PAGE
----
Florida Frontiers “Civil War Living History Day at the Rossetter House Museum”

The American Civil War divided the country between the industrialized northern states and the agricultural southern states that depended upon slave labor to support their economy.

Disagreement over the issue of whether or not individual states had the right to decide if slavery should be legal within their borders led to the War Between the States.

Florida was the third state to secede from the Union, in January 1861, behind only South Carolina and Mississippi. As the largest supplier of beef and salt to the Confederate army, Florida played a vital role in the Civil War.

For those interested in learning more about this conflict, the Rossetter House Museum and Gardens in Eau Gallie is hosting “Civil War Living History Day” on Saturday, April 16, from 10 am to 4 pm. Admission is $2.00 for adults, with no charge for students.

Representatives from the Sons of Union Veterans of the Civil War will have an encampment on the northern lawn of the Rossetter House, while members of the Confederate Sons Association will be based on the south lawn.

“We are the Indian River Camp 47, of the Confederate Sons Association based in Brevard County,” says Commander Tom Mills. “We have two types of members. Compatriots, male members with proven genealogy documentation link to his Civil War ancestor. Legionnaires are male and female members whom have a love of history and Civil War history in particular.”

At the Civil War Living History Day, CSA members will be dressed in period attire. Civil War style tents will show what camp life was like for soldiers. Tables will be set up with displays of authentic CSA muskets, swords, and related equipment and clothing. Soldiers will march and fire their weapons.

“Ladies table displays focus on the importance of a lady’s role and life experiences thrust upon them during the War Between the States and the support and struggles they endured maintaining the homeland in the absence of their husbands, sons, and family structure,” says Mills.

“At least two camps of the Sons of Union Veterans of the Civil War will be participating in the Civil War Living History Day,” says Captain Jim Ward.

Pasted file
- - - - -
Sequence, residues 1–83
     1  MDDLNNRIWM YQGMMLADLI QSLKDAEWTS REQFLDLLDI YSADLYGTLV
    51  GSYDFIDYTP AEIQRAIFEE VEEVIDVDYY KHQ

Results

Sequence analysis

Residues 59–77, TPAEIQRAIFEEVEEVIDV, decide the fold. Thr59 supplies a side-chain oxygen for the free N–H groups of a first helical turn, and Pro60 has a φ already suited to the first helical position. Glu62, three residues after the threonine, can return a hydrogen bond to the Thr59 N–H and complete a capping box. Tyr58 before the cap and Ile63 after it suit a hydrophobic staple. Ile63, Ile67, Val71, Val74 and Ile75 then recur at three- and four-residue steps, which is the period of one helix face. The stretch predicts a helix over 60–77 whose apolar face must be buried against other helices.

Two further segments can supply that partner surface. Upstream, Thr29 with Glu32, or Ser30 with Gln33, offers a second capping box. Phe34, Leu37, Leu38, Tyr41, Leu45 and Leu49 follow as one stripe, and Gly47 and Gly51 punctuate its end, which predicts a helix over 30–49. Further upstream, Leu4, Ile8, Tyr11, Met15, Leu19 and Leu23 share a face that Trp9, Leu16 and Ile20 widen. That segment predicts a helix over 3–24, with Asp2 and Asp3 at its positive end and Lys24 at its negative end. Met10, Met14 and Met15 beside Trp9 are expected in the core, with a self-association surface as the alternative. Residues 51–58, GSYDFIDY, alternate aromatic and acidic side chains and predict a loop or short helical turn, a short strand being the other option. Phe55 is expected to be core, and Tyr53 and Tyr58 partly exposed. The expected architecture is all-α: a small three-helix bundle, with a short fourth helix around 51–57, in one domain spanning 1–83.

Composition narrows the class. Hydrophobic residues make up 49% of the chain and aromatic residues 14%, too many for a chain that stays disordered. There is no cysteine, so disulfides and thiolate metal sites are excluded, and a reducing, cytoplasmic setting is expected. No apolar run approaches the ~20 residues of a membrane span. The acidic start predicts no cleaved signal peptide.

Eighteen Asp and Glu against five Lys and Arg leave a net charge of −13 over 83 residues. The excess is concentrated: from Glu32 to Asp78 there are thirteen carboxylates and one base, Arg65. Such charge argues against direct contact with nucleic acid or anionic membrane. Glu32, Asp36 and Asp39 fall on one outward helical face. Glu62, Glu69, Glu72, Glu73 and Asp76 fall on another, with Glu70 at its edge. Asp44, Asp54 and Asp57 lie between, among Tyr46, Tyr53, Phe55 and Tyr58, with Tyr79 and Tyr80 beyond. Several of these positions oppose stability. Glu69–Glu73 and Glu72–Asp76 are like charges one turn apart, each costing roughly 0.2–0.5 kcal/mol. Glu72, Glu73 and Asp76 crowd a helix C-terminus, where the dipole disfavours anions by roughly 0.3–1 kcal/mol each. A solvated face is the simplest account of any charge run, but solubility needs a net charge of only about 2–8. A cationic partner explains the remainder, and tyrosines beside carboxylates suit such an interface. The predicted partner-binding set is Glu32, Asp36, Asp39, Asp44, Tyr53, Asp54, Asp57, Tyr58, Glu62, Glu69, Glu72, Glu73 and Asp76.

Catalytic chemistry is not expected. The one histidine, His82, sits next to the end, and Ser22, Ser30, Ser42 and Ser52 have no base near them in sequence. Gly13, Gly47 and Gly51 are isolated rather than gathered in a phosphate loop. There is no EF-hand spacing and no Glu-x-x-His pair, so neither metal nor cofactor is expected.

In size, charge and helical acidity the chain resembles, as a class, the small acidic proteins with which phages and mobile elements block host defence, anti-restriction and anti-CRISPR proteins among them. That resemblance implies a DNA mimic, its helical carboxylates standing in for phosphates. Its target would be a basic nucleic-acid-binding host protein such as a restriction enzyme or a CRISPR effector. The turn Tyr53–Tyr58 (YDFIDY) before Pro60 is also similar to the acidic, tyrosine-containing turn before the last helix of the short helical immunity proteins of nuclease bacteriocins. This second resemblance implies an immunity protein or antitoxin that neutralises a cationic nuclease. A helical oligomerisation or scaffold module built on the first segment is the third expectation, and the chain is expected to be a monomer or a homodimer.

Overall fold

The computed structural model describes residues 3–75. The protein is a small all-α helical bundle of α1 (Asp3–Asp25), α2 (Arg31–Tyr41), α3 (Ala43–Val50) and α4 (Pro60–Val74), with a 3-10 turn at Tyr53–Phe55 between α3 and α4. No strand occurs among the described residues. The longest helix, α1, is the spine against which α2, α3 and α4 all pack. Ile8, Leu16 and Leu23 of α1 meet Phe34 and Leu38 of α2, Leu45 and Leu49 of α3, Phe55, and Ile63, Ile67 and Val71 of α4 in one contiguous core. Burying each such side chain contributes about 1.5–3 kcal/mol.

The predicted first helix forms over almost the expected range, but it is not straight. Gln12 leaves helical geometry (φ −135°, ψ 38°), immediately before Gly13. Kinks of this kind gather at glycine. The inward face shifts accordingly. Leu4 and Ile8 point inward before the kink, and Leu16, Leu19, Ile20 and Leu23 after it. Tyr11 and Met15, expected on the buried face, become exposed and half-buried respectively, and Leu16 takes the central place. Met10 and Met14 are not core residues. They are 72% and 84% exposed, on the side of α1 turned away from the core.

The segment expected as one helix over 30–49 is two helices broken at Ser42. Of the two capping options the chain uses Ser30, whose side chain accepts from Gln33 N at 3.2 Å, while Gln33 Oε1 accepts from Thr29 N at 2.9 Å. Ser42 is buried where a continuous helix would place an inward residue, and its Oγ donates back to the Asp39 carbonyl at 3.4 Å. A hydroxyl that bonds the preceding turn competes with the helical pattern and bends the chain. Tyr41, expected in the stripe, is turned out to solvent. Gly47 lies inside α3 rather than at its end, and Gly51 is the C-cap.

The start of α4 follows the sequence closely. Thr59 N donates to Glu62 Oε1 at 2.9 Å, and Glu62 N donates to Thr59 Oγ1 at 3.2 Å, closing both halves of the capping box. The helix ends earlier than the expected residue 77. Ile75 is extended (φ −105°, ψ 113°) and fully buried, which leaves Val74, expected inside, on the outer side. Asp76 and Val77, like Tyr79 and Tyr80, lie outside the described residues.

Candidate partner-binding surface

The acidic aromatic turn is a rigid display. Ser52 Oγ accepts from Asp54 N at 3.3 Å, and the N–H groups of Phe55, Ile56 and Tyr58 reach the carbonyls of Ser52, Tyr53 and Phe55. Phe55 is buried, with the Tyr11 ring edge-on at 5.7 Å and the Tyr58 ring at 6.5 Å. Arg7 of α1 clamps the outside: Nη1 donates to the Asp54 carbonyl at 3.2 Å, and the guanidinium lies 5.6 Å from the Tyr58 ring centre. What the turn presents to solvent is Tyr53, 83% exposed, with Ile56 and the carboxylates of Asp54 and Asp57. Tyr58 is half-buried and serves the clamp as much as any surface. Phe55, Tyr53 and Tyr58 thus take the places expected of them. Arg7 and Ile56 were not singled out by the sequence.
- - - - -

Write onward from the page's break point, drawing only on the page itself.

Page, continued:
Lucius L. Mitchell Camp 4, SUVCW is based in St. Cloud, but covers a six-county area. A small rural town until well after the Civil War, St. Cloud experienced significant growth after being designated as a retirement community for Union veterans of the Civil War.

Camp 7 of the SUVCW will be coming from Pembroke Pines to participate in this Saturday’s event at the Rossetter House Museum.

“Displays will range from authentic muskets and rifles, tents, uniforms, other artifacts or replicas, and writing from or about the time,” says Ward. “Members will be available for discussion and demonstration, and to help answer questions.”

Remnants of the divisiveness of the Civil War can still be seen today.

Debates continue over whether or not battle flags from a vanquished rebel army should be displayed on government owned flagpoles. Some communities are beginning to look more critically at Confederate monuments and statues on public property. Discussions about race relations continue.

Descendants of both Confederate and Union soldiers agree that we must continue to learn from our difficult past.

“We live in the fast lane where too many people, and young people in particular, have not been taught first by their families and foremost by our schools, all of this nation’s struggles, conflicts, and battles,” says Mills. “The focus should be on people’s heritage, factual history accounts, and not try to change one’s history because it was not pretty or in one’s perception, not correct.”

Mills adds that events like the Civil War Living History Day are an excellent way for people of all ages to learn about our shared past, and Ward agrees.

“People benefit from learning about and better understanding the Civil War because parts of those experiences inform our current experience,” says Ward. “For example, the phenomenon of the ‘wide awakes’ appears similar to the ‘99%’ activities not long ago. Another benefit, perhaps better understood as an obligation, is to remember the individuals comprising the large number of American casualties in this effort to bring us from antebellum times to today.”
 

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Relevant Date: 

12 Apr 2016

Article Number: 

114

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